‘David Thorpe’s installation comprises new watercolours and meticulously crafted sculptural works, presented for the first time in Europe. Thorpe’s sculptures explore his interest in rehabilitating ancient craftsmanship and labour-intensive artisanal techniques. Drawing on the Arts and Crafts Movement and the work of William Morris and John Ruskin, Thorpe explores new forms of utopianism, where past and present intersect’. (Information from The Hepworth Wakefield website).
‘Endeavours and Private Lives (both 2010) allude to the aesthetics and theories of the Arts and Crafts Movement of the late 19th century […]. Thorpe’s large pattern-covered objects have been executed with the collaborative assistance of skilled artisans trained in recreating labour-intensive medieval recipes for making paint and ceramic moulds’. (Information from the Saatchi Gallery website).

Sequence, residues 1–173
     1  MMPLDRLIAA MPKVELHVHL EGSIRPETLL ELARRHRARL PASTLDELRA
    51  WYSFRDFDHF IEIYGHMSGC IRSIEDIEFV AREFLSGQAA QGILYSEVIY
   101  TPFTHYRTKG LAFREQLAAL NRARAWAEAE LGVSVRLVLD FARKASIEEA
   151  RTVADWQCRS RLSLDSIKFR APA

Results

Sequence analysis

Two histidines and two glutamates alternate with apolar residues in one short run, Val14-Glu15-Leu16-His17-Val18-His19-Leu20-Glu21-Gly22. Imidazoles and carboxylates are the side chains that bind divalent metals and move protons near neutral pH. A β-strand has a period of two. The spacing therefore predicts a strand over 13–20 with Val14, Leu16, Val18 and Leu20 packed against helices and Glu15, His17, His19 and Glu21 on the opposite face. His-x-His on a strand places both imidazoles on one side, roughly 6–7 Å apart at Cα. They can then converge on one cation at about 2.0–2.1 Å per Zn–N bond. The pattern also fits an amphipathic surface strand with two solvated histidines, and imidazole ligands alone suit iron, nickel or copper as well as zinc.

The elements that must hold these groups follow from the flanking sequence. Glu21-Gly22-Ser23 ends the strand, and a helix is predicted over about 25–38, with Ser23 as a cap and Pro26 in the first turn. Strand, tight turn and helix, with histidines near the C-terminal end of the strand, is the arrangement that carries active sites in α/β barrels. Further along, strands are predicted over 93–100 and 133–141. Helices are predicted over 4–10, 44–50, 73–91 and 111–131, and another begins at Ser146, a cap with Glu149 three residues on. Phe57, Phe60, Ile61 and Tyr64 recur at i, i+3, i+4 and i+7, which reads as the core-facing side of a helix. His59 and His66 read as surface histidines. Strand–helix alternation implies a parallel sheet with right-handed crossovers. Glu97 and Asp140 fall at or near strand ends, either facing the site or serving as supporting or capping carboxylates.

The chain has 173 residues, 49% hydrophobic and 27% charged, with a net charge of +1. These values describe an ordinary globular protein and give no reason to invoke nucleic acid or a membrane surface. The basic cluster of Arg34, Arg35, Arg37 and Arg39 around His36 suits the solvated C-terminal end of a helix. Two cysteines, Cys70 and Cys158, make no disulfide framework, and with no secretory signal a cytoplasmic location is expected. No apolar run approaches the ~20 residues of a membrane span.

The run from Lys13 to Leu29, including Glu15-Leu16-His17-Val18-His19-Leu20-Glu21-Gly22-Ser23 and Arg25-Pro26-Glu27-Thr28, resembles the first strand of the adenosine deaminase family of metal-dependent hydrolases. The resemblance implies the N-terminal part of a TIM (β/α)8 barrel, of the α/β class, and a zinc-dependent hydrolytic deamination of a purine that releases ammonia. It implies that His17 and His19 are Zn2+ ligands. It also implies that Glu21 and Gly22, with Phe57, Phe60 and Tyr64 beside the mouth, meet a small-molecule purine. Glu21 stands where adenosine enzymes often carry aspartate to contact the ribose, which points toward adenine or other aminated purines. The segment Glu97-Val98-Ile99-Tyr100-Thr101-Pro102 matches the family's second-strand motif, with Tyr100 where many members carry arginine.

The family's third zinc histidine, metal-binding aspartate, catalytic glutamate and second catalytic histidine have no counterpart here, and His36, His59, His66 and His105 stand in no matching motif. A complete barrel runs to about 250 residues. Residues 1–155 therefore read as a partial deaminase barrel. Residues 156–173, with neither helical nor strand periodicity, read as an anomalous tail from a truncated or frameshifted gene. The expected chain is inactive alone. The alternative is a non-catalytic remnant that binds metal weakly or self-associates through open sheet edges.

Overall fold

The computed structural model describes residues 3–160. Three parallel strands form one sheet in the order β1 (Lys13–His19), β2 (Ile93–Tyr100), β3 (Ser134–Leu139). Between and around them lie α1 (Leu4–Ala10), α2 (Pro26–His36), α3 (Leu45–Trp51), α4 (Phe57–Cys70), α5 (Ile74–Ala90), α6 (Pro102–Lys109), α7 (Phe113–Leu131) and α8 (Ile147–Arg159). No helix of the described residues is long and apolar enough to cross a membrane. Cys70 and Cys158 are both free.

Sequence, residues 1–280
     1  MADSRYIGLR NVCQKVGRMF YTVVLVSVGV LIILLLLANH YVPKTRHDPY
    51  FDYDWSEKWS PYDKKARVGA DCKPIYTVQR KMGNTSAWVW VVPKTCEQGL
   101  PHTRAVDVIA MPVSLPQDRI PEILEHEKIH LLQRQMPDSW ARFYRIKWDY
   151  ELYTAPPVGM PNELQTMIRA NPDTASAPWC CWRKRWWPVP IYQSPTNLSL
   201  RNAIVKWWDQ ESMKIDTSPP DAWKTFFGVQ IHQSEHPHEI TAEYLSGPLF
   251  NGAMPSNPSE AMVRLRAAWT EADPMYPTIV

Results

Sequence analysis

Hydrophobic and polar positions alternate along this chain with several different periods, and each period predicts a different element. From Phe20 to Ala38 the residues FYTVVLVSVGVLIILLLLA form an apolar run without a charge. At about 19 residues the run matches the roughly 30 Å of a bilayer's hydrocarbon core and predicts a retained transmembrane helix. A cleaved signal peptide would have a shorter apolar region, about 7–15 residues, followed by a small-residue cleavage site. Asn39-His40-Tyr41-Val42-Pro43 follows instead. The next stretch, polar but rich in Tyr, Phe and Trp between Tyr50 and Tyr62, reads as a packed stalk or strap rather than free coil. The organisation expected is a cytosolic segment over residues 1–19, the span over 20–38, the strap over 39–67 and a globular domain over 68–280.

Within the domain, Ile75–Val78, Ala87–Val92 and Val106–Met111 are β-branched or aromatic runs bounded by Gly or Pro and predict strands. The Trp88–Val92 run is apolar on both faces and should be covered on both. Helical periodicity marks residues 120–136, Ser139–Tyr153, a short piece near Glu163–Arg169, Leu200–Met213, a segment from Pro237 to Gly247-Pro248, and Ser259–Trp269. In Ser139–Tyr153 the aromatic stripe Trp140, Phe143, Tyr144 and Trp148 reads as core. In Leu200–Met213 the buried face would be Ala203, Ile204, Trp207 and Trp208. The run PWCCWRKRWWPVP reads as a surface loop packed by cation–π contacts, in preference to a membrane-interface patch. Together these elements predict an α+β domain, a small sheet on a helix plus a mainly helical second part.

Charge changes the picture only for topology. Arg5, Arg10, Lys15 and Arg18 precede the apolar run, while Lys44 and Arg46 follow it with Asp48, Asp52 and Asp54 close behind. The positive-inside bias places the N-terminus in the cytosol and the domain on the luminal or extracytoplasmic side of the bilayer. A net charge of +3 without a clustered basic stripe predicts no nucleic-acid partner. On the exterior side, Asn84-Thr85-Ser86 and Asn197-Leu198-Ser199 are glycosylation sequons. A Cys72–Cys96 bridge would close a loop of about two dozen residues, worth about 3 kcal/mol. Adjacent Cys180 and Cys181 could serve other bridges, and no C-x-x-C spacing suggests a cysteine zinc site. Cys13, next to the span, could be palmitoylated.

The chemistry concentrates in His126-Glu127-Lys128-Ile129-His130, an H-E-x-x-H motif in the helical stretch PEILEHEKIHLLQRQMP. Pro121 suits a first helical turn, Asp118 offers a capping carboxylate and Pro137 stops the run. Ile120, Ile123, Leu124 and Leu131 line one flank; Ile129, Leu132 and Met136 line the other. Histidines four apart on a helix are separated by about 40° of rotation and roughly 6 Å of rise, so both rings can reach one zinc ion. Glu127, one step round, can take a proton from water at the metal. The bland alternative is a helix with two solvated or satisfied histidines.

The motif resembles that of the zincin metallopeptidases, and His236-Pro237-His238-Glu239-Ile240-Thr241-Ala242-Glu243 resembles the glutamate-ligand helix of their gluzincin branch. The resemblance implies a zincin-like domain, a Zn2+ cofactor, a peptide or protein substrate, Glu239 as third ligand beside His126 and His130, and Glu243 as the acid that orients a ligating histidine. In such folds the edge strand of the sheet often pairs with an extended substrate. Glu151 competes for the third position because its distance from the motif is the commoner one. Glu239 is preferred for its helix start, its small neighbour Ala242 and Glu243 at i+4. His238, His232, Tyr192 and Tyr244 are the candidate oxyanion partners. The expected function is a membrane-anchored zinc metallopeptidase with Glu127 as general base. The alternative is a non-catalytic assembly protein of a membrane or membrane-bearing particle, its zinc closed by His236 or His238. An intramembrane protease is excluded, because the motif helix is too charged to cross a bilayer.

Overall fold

Come and see these strange, Morris-esque boxes and tiled screens; listen to the monotonous hum, which increases as you approach The Collaborator; marvel at incredible craftsmanship, for example, the innumerable, hand-cut pieces of coloured leather assembled upon the surfaces of large, plaster cubes to form intricate, organic patterns; and be blinded (literally… but only momentarily) by enlightenment, upon peering into the secret, inner cavities of Private Lives and Quiet Lives.*
* Check it out – it’s cool – but please, whatever you do, don’t touch (this includes patting, rubbing, stroking, pushing, massaging, licking, kicking, punching, head-butting and eating) the art (unless you really want to freak out all the gallery attendants).
P.S. Please don’t freak us out. We’re all quite nice really. Thanks.